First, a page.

Veteran Makes Professional and Personal Progress While Restoring Fish Habitat in Oregon

January 31, 2020

After a severe on-the-job injury, Coast Guard veteran Chris Sutherland is fulfilling his goals of working in environmental sciences through NOAA’s Veterans Corps—but not without other challenges along the way.

A man stands alongside juvenile plants in a nursery, gesturing with his hands.

Veteran Chris Sutherland grows native plants to be used for restoration projects.

NOAA Fisheries recently expanded our Veterans Corps programming to Oregon, in partnership with AmeriCorps and the Mt. Adams Institute’s VetsWork initiative. Chris Sutherland, our first veteran participant in Oregon, was placed with the Tillamook Estuary Partnership. He’s gaining conservation career skills and connecting his local community’s incarcerated youth to nature.

Growing up in California, Chris was always passionate about the environment. He was one of those kids who would pick up trash and recycle cans because he knew it was the right thing to do. Later, he worked in construction for a time, but wanted more direction and purpose, which led him to the United States Coast Guard. After a severe on-the-job injury, however, he was forced to retire. 

After recovering from the injury, Chris completed his associate’s and bachelor’s degrees in environmental studies and geography. He thought with a degree he could walk into the science field and obtain a fulfilling career—but it was not as easy as he had imagined. Through a U.S. Department of Veterans Affairs internship, he shadowed park rangers, gained plant identification experience, and found he liked field work. Even after that experience, he applied to countless positions but couldn’t secure a job. 

That’s when Chris saw an advertisement for VetsWork at the Mt. Adams Institute, which works with partners to put veterans back to work in the natural resources field. The position was an internship with the Tillamook Estuary Partnership, supported by NOAA’s Veterans Corps program. This time his application was a success! 

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Chris tosses a sampling bottle into the water to get samples for testing.

“I was insecure coming into this field without any [substantial] experience, and this internship has opened my eyes and led me to so many opportunities,” Chris said. “It’s been a huge confidence builder meeting new people, working with so many different organizations, and seeing real studies. Just, ‘Wow, I can’t believe this is what I’m doing.’”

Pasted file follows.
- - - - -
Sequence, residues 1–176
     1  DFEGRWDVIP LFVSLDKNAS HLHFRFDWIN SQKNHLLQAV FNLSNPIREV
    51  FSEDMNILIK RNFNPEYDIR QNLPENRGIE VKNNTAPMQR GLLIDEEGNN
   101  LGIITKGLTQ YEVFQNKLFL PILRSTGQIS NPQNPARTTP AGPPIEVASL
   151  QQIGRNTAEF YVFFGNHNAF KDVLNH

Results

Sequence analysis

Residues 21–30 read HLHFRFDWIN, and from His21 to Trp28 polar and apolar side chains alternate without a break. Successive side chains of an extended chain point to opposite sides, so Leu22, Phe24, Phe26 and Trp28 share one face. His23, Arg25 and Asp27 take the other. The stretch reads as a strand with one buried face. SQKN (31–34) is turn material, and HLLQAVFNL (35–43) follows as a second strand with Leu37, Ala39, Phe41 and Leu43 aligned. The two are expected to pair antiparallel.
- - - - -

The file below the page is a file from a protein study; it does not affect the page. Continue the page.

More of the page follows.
Chris’s work has been multifaceted. He’s supporting salmon habitat restoration and outreach work, conducting water quality monitoring and microplastic and carbon studies, and land management activities for the Southern Flow Corridor project. This 20-year effort has restored nearly 500 acres of tidal wetlands and 13 miles of tidal channels for salmon in Tillamook estuaries. 

Field work is accompanied by time on a computer ensuring that data is accurately transmitted to the lab. Chris also works in a native plant nursery that grows 75,000 plant species used for restoration projects along the Oregon coast.

Chris added, “We went in [to the military] for a sense of purpose, because we had something inside us that makes us want to serve. We’re service-oriented people, and this work keeps me in the mindset of continuing to fight for a mission.”

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Veterans Corps in Oregon contributes to monitoring progress of the Southern Flow Corridor habitat restoration project.

Among all of the restoration efforts, Chris’ outreach work includes working with Oregon’s Youth Authority, an organization for incarcerated children and teenagers. At first, he was apprehensive about working with at-risk kids. He quickly found his work with the kids was combined with one of the things he enjoys most—maintaining a native plant nursery. 

When the seeds outgrow their starter pots, Chris hosts “planting parties” where he teaches the youth how to replant the seedlings into larger containers. When the plants are fully grown, they’re installed at restoration sites around Tillamook Bay. 

Despite the hard work and sometimes unfavorable weather conditions, Chris finds instant gratification in his work, especially seeing results of the hands-on activities. 

His words of wisdom to other veterans interested in participating in corps, “You have to accept the program and the trainings. You have to be willing to give of yourself, maybe even beyond what you think you’re capable of for earth and community. It’s all about volunteering; the catch is that it makes you feel really good. It’s hard, yet deeply satisfying work.”  

Oregon is the third and latest location of NOAA’s successful conservation corps supporting former servicewomen and men. In Washington and California, two NOAA-supported programs have provided opportunities to gain skills and valuable job experience while helping endangered and threatened fish. These programs are strengthening the connection between veterans and the natural world through education, service learning, career development, and research.